Published Date: 12 March 2019

Speech by Mr Daniel Wang, Executive Director, Monetary Authority of Singapore, at the 19th Asia CEO Insurance Summit on 12 March 2019

Distinguished guests

Ladies and Gentlemen

1.    Good morning. I would first like to thank the Asia Insurance Review (“AIR”) and the Geneva Association for inviting me to the Asia CEO Insurance Summit this year. It is not often that leaders in the insurance sector from the region can gather together in one place. I hope my remarks, seen from a regulator’s perspective, can contribute to the discussions that will take place over the next two days and back in your boardrooms.

What does digitalisation mean for insurers

2.    In recent years, digitalisation and what it means for insurance has become a key part of MAS’ conversations with the industry, be it through our dialogues with the local insurance industry associations, and bilaterally with the firms. I also note that the issues and challenges surrounding technological change and digitalisation have featured in some form at the last five AIR CEO Summits. 

3.    What is clear is that digitalisation and the impact of technology on your business model and operations, whether as an enabling or disruptive force, is no longer a new phenomenon.

        a.    For individual insurers, Boards and Management teams are all grappling with this challenge and trying to develop an effective strategy that can allow them to pursue new opportunities that arise. Key questions over who to partner, what technology to procure and how to proceed will involve trade-offs and difficult choices. For instance,

  • In vendor selection: do you pick the upstart that claims a groundbreaking technical solution but comes with a shorter track record and poorer financial position, or the reputable stalwart with the conservative and perhaps more expensive solution?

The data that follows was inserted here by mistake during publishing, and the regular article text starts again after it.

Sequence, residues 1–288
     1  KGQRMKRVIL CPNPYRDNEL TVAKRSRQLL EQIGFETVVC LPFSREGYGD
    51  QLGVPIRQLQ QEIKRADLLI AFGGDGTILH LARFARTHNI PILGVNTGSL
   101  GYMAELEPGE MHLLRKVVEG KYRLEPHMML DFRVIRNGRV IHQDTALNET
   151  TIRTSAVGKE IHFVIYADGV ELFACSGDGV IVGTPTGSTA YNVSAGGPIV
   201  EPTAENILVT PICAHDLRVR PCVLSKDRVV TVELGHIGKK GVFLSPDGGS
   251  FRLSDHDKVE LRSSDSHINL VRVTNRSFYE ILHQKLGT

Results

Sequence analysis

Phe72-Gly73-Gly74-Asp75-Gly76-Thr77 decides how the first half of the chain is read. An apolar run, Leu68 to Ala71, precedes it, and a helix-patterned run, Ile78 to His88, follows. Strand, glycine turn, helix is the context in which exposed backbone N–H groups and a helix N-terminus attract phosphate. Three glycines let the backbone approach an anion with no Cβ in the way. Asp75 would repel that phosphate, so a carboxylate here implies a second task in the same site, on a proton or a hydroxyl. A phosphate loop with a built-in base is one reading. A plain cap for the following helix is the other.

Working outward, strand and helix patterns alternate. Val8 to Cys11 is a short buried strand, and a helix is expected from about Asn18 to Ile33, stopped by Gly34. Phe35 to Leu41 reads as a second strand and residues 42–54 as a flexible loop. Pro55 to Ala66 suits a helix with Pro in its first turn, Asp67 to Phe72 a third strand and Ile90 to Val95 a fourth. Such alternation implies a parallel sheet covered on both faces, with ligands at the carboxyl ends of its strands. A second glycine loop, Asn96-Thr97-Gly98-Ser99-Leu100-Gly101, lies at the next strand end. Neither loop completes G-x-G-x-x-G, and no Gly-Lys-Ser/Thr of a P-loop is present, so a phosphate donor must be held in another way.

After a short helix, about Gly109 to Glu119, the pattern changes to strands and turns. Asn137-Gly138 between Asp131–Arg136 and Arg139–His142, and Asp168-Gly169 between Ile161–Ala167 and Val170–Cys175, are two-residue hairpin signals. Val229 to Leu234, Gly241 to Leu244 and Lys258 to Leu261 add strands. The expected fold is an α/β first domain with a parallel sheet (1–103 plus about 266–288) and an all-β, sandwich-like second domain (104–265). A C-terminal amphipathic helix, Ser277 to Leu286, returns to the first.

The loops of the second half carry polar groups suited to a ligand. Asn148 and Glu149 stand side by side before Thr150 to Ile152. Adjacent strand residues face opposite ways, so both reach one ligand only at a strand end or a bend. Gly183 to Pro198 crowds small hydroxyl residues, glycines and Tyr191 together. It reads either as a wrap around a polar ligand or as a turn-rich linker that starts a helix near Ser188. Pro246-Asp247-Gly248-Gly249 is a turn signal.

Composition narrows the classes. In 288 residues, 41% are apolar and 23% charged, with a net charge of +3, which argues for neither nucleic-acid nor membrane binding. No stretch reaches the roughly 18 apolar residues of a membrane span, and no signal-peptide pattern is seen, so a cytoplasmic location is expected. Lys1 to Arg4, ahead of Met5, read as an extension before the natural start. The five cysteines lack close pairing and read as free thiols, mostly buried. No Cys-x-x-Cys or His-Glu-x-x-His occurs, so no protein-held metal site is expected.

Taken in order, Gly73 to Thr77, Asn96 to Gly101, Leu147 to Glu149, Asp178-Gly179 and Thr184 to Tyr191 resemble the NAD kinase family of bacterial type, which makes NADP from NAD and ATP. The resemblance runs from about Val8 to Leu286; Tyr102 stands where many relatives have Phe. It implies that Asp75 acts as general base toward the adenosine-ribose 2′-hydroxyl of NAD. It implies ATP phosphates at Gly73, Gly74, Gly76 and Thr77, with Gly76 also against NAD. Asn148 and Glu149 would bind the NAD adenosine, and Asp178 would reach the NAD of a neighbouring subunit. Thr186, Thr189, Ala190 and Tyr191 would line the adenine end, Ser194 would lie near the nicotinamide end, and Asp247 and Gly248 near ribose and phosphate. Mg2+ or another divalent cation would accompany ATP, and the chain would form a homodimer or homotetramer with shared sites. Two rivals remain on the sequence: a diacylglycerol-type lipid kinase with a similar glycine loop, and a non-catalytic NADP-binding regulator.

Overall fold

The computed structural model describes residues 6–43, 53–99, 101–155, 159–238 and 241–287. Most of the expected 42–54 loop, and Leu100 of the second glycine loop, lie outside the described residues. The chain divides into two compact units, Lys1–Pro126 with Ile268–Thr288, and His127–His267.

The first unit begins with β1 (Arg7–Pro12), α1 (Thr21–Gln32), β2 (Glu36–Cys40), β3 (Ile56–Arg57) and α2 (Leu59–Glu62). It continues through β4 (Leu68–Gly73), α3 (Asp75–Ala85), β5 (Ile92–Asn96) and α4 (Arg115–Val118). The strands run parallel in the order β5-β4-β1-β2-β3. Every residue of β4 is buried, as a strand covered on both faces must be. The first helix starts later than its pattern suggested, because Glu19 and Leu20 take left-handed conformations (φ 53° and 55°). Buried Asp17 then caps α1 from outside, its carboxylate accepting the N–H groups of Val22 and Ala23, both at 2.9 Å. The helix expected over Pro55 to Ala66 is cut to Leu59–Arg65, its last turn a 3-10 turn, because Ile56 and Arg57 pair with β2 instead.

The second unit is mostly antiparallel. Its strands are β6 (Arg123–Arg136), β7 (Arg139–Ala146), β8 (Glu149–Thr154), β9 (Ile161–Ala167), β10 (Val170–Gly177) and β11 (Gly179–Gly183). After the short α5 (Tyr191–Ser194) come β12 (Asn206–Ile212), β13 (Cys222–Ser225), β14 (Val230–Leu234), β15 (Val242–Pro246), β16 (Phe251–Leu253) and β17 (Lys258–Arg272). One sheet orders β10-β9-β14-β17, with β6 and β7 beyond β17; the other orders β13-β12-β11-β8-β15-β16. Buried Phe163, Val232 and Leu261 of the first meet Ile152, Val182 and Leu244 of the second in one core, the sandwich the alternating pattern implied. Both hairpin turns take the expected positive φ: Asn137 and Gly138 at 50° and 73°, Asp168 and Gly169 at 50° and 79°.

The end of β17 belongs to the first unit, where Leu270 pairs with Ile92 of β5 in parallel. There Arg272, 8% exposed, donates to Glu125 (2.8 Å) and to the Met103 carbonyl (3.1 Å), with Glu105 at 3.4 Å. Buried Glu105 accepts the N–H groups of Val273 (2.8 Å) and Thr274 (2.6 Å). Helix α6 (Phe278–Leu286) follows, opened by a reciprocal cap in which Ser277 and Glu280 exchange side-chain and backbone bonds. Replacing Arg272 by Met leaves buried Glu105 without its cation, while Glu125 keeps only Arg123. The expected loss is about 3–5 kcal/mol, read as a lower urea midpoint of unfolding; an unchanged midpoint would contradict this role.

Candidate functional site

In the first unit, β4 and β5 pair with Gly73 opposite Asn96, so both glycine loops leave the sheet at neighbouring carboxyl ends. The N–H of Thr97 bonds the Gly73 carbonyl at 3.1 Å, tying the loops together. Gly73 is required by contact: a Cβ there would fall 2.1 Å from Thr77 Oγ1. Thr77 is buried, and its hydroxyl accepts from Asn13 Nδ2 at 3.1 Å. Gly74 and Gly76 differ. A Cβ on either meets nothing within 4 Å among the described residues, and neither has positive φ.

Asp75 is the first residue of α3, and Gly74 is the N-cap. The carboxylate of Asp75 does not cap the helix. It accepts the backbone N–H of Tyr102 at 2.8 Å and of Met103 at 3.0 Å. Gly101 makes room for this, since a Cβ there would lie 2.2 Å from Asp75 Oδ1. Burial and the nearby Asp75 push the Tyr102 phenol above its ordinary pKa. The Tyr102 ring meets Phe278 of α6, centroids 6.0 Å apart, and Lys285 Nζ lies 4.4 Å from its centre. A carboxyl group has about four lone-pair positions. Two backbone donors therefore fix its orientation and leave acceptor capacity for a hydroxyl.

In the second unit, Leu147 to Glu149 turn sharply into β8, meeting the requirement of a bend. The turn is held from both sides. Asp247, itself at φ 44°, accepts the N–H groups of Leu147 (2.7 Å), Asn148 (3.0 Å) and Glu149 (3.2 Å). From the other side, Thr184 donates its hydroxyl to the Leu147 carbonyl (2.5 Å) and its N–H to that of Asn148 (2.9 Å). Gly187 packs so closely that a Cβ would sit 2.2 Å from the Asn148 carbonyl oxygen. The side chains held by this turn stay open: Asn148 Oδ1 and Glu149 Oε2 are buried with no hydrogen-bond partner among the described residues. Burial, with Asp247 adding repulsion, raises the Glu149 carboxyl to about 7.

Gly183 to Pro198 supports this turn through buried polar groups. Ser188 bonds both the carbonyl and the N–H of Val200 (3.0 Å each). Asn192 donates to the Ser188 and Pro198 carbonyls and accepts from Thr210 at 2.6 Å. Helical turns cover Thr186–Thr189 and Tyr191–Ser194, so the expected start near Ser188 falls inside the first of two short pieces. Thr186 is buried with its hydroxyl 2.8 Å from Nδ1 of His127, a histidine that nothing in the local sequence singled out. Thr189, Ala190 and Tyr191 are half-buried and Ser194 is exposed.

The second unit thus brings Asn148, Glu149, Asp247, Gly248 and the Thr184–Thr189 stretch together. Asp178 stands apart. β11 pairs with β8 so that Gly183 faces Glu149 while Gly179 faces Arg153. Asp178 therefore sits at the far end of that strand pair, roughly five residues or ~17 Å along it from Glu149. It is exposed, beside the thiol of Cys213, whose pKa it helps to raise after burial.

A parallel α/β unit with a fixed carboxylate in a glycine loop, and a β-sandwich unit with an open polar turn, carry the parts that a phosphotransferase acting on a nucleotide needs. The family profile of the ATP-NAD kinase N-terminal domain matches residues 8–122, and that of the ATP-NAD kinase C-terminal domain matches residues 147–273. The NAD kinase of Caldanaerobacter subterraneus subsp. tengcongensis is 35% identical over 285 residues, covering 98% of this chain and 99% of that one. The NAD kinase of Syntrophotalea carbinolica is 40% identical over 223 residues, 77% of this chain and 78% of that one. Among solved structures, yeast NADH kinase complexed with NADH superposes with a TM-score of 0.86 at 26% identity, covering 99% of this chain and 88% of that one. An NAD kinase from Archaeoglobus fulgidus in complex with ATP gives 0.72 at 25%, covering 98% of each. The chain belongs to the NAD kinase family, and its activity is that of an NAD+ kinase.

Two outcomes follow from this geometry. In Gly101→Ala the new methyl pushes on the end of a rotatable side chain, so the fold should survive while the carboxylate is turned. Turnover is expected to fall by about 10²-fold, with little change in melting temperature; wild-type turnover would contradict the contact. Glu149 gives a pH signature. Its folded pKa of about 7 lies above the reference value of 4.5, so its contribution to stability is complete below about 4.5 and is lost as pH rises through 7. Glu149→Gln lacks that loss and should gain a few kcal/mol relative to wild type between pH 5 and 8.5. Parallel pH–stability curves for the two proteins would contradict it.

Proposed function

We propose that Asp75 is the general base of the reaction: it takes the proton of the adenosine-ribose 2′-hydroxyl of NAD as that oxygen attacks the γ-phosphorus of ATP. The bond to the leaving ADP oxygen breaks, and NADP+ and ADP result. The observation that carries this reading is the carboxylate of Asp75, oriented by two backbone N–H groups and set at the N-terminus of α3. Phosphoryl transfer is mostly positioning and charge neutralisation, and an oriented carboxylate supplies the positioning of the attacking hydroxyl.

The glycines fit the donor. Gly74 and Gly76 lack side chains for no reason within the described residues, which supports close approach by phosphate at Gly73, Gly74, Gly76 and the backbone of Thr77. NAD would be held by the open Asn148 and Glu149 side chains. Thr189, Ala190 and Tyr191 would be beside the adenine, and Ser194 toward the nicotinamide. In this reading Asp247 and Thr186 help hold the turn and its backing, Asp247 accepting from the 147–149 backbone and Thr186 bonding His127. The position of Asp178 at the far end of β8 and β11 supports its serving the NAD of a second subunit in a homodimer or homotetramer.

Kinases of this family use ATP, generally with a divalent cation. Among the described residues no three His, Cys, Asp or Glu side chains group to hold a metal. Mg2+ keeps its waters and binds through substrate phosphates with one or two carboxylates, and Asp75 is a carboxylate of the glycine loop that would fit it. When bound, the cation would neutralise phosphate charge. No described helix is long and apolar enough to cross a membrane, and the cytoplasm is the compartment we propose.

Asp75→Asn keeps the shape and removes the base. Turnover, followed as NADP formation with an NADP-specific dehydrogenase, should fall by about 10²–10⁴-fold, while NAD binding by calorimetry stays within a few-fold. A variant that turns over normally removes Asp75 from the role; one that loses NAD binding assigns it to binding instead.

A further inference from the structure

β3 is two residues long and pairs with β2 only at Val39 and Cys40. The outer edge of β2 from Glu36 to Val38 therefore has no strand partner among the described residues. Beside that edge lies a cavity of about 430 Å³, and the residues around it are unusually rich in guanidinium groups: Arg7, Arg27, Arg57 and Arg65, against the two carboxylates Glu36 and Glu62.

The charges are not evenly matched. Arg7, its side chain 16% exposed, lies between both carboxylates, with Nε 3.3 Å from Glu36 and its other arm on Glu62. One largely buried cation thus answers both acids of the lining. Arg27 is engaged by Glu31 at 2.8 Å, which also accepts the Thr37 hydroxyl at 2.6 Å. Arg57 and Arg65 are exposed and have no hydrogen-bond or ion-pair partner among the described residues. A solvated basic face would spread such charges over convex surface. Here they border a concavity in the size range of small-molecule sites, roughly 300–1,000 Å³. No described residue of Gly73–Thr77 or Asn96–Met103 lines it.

• In IT budgeting and investing: how much should you spend overhauling legacy systems compared to investing in new ones? How will such system changes affect business-as-usual today even as you strategically position your company for the future? How best should one explain these needs to the Board and to shareholders?     

        b.    For the industry, the traditional notions of who is an insurer and what risks can be insured is fast changing. Your competitors come in all shapes and sizes - from the large ecosystem players and BigTechs, to small but enterprising InsurTechs.  Likewise, the advent of the digital economy and its enabling technologies have shifted insurance from standardised, comprehensive, and long-term offerings to more tailored, granular and on-demand coverage. Today, one can purchase return shipping insurance to complement your online shopping for a mere US$ 3 cents to US$1.50 per policy in China, and you can even protect yourself from surge pricing on ride-hailing platforms when it pours in tropical Singapore. 

        c.    For consumers, digitalisation promises much – a virtuous trinity of lower costs, better and more tailored products, and an enhanced customer experience. However, this does not come risk-free – concerns over cybersecurity, data privacy and protection, and unfair discrimination have become the new worries of the digital age.